AU - McNeilly, Alan

PY - 2009

Y1 - 2009

N2 - The control of fecundity is critical in determining mammalian offspring survival. It is regulated principally by the ovulation rate, so that primates and large farm species commonly have single offspring. Previously, several mutations have been identified in sheep which increase the naturally low ovulation rate, although in some cases homozygous ewes are infertile. In the present study we present a detailed characterisation of a novel mutation in growth differentiation factor 9 (GDF9), found in Icelandic Thoka sheep. This mutation is a single base change (A1279C) resulting in a non-conservative amino acid change (S109R) in the C-terminus of the mature GDF9 protein, which is normally expressed in oocytes at all stages of development. Genotyping all animals for which reproductive records were available confirmed this mutation to be associated with increased fecundity in heterozygous ewes and infertility in homozygotes. Analysis of homozygote ovarian morphology and a number of genes normally activated in growing follicles showed that GDF9 was not involved in oocyte activation, but in subsequent development of the follicle. This study highlights the importance of oocyte factors in regulating fertility and provides new information for structural analysis and investigation of the potentially important sites of dimerization or translational modifications required to produce biologically active GDF9. It also provides the basis for the utilisation of these animals to enhance sheep production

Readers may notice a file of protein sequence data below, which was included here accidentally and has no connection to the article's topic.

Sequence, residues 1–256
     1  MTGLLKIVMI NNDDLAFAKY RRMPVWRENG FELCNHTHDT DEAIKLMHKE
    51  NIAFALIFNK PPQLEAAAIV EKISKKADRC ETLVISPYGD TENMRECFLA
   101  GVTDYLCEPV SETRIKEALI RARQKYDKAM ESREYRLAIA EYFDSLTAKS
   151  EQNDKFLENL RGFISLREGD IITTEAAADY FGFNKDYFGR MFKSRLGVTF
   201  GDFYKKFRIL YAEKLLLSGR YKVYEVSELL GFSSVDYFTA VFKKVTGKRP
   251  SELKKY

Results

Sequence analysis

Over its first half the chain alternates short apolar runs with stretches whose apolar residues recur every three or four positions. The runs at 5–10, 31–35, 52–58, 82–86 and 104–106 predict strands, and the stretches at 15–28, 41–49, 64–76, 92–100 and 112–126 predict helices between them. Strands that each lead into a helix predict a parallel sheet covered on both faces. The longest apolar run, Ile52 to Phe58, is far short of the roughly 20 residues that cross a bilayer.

AB - The control of fecundity is critical in determining mammalian offspring survival. It is regulated principally by the ovulation rate, so that primates and large farm species commonly have single offspring. Previously, several mutations have been identified in sheep which increase the naturally low ovulation rate, although in some cases homozygous ewes are infertile. In the present study we present a detailed characterisation of a novel mutation in growth differentiation factor 9 (GDF9), found in Icelandic Thoka sheep. This mutation is a single base change (A1279C) resulting in a non-conservative amino acid change (S109R) in the C-terminus of the mature GDF9 protein, which is normally expressed in oocytes at all stages of development. Genotyping all animals for which reproductive records were available confirmed this mutation to be associated with increased fecundity in heterozygous ewes and infertility in homozygotes. Analysis of homozygote ovarian morphology and a number of genes normally activated in growing follicles showed that GDF9 was not involved in oocyte activation, but in subsequent development of the follicle. This study highlights the importance of oocyte factors in regulating fertility and provides new information for structural analysis and investigation of the potentially important sites of dimerization or translational modifications required to produce biologically active GDF9. It also provides the basis for the utilisation of these animals to enhance sheep production

U2 - 10.1530/REP-09-0193

DO - 10.1530/REP-09-0193

M3 - Journal article

C2 - 19713444

VL - 138

SP - 921

EP - 933

JO - Reproduction

JF - Reproduction

SN - 1470-1626

IS - 6

ER -